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The Sundrud Laboratory

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Amino acid-responsive signaling and selective immunoregulation

Diagram of Chang Shan, Halofuginone and amino acid starvation Amino acids are essential building blocks used for protein synthesis. However, additional roles for amino acids have emerged in the regulation of eukaryotic signal transduction pathways. Eukaryotic cells use a network of signaling pathways to read-out and respond to minor fluctuations in amino acid availability, either through sensing free amino acid concentrations directly or through monitoring the state of tRNA charging. Amino acid restriction thus regulates cell signaling and cell behavior well before reaching levels that are limiting for basal cell activity or are cytotoxic. We have discovered that pathways activated by uncharged tRNA molecules, known collectively as the amino acid starvation response (AAR), specifically block the development and function of inflammatory T helper-17 cells (Sundrud et al., Science 2009).

Currently, we are exploring the mechanism by which the AAR modulates T cell development and function. We are using chemical biology approaches and mouse genetics to map amino acid-responsive pathways in T cells, with the aim of identifying novel targets and small molecules that can selectively regulate inflammation in clinical settings of autoimmune and malignant diseases, without inducing general immune suppression.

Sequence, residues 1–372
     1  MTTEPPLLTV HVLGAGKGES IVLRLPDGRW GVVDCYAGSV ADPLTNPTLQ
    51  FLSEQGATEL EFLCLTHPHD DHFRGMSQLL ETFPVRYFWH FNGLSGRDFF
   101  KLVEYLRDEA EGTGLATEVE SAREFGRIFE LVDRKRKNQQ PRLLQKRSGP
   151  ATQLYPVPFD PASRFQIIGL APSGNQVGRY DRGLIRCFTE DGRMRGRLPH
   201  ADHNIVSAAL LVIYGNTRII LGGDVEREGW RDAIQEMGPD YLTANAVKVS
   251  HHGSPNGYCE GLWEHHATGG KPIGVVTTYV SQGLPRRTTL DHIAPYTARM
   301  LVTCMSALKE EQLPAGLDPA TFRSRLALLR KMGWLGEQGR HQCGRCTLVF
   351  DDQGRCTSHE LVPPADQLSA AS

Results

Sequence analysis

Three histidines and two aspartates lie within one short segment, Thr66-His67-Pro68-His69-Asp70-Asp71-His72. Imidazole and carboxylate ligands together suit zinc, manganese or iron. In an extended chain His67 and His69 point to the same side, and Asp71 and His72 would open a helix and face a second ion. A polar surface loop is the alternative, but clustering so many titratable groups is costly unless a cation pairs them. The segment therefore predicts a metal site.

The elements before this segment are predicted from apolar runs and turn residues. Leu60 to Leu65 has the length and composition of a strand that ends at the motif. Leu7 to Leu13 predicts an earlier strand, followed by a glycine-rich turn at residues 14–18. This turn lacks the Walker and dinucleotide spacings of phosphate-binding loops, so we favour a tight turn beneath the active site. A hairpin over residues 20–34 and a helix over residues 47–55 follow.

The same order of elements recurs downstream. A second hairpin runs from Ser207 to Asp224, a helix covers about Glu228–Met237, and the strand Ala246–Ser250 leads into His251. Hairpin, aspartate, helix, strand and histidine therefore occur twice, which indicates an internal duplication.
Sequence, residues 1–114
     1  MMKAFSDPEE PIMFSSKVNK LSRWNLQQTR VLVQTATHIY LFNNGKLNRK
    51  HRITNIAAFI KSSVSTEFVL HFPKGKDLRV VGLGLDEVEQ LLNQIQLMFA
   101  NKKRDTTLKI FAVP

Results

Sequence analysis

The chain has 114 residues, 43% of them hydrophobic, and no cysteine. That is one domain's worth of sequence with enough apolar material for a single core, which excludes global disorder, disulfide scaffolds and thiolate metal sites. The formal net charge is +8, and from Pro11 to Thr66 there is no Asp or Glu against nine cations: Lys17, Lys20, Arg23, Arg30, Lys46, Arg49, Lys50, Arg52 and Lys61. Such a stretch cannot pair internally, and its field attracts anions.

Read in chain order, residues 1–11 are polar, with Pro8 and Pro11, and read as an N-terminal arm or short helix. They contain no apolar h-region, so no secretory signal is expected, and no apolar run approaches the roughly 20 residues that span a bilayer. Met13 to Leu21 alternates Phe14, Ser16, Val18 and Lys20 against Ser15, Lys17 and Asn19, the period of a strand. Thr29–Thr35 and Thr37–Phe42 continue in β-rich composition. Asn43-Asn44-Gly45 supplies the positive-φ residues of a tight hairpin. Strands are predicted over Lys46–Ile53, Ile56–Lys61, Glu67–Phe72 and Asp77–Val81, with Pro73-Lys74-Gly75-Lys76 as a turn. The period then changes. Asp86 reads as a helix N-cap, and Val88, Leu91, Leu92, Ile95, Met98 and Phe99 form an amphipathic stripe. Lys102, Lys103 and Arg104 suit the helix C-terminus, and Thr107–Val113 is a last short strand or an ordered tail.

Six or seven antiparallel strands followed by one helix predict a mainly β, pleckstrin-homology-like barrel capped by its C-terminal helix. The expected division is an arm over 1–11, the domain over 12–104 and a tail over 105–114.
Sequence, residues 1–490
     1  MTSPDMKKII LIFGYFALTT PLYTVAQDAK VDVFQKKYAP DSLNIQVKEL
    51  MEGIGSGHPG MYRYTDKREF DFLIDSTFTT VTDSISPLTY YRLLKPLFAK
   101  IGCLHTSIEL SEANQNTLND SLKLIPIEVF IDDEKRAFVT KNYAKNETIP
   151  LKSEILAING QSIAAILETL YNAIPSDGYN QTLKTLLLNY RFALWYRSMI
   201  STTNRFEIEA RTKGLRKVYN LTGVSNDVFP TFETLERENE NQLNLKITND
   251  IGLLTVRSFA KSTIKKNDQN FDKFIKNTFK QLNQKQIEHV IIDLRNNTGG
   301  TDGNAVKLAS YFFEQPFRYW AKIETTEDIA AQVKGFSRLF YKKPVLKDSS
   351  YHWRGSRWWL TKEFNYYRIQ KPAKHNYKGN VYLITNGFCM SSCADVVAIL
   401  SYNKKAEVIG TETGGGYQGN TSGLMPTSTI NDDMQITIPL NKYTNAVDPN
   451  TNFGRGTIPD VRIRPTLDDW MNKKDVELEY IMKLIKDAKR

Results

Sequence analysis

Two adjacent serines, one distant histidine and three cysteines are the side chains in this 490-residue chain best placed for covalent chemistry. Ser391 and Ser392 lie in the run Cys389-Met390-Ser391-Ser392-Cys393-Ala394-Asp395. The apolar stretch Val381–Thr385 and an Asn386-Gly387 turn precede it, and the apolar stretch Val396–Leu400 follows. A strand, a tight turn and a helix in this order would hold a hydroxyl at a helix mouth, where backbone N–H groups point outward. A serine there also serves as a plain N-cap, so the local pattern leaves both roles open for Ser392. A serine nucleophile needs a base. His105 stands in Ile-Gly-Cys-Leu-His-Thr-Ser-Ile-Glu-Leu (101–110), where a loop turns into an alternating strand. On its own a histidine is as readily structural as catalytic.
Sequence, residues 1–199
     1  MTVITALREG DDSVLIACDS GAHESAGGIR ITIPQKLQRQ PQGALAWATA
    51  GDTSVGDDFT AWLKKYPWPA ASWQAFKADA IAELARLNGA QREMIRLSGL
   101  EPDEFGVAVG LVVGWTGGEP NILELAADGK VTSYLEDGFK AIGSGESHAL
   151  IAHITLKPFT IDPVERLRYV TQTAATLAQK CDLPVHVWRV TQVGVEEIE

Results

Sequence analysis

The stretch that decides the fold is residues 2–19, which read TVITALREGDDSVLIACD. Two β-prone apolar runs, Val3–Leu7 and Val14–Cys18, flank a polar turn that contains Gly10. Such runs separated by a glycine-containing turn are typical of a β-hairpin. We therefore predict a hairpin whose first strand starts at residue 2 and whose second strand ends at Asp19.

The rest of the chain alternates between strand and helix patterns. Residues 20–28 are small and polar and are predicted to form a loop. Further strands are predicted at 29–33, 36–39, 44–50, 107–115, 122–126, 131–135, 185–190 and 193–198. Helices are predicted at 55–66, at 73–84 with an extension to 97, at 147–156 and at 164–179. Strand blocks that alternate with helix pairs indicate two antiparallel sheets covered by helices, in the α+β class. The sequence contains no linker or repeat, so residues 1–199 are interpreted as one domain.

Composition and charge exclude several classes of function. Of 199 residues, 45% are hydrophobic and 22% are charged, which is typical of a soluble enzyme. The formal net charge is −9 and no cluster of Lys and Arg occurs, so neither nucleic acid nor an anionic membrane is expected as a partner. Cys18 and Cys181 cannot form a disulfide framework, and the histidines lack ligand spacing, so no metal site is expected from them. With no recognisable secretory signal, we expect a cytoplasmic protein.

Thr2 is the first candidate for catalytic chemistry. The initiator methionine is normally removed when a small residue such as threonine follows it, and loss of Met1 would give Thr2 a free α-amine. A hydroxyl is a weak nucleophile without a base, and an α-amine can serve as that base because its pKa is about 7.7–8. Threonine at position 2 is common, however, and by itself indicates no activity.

Identifying T cell subsets in clinical inflammation

Photo of a healthy and diseased stomach 
Current understanding of T cell lineages (e.g., Th1, Th2, Th17, Th22) is based largely on in vitro culture systems and the behavior of T cells in young mice housed in pathogen-free conditions. Not surprisingly, these insights fail to predict the phenotype and function of most endogenous human T cell populations, particularly those observed in clinical settings of inflammation. We have developed translational systems that allow us to explore the diversity of human T cells directly in autoimmune target organs, and have identified novel human T cell subsets not readily apparent in mice at steady-state. We are characterizing the function of these novel subsets both in vitro and in vivo, using mouse models of inflammation. These approaches allow for a clinically-grounded and unbiased evaluation of T cell lineages, and strengthen the therapeutic implications of downstream molecular characterization.

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